Perhaps the biggest selling feature of this seat is a feature I have never seen on any other series of seats. The Symphony’s shoulder harnesses are unique to say the least. On the majority of seats, the shoulder harnesses require you to often uninstall the seat, pull them apart and re-loop them through adjustment holes. On the Symphony, you never have to do that. The entire shoulder harness is on a sliding track that you just pull up and down on in order to adjust. This harness ensures that it always perfectly fits your child’s needs and means you don’t have to go around installing again every time your child grows a couple inches. I cannot stress how cool of a feature this is and that it was singlehandedly the reason I had my parents get the 2015 Symphony DLX model. My daughter was 3 feet tall at her 2nd birthday and it was hard for me to keep on our Clek seat so I can only imagine how difficult it would have been for my parents to not have the track system to rely on.

Since the harness is on a track, it’s fairly tangle resistant up top but not completely at the bottom where it twists and juts back to the bottom. Where the latches meet the bottom buckle, you may find a bit of tangling from time to time but far less than the other trackless harness seats. In the 12 months I’ve been using the previous seats and the 3 weeks I’ve been using this one (both similar harnesses,) I’ve had maybe 5 tangles overall.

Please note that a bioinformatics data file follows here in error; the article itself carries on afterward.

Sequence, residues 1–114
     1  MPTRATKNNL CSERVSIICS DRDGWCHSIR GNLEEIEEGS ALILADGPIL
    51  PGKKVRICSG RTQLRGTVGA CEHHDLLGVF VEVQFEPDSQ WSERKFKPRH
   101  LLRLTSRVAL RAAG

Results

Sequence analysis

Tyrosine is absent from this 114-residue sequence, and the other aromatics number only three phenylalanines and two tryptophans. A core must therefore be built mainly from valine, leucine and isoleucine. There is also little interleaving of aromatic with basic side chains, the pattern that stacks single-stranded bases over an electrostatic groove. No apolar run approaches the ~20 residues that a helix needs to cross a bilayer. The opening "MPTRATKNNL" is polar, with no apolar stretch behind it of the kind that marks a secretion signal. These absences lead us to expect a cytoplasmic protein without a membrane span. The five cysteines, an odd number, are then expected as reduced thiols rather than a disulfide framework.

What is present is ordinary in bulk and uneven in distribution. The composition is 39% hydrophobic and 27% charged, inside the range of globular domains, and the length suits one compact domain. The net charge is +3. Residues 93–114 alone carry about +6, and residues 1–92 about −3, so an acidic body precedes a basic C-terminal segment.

Difference between the Symphony and Triumph models

CarseatincarAThere is an equally as good, yet different style of this carseat: The Evenflo Triumph LX. What is different you may ask? We actually have two of these seats that we purchased for both of my parents’ vehicles. After using that seat and this one one after the other for a couple of weeks, there aren’t really many major differences between the two. The seat base and fabrics feel about the same. Even the freeform shoulder adjustments are the same. The only discernable difference that really matters here is the way the harness system works. The Triumph has the same inverted button release that the standard seat does. However, to tighten the seat harness, the mechanism is different. The Triumph has a crank on either side to synch the harness tight. This isn’t a bad system but since it cranks a pre-determined amount of belt each time, you often run into a bit of awkwardness when you get to the last crank. You often leave the seat too loose or too tight. It’s never quite perfect.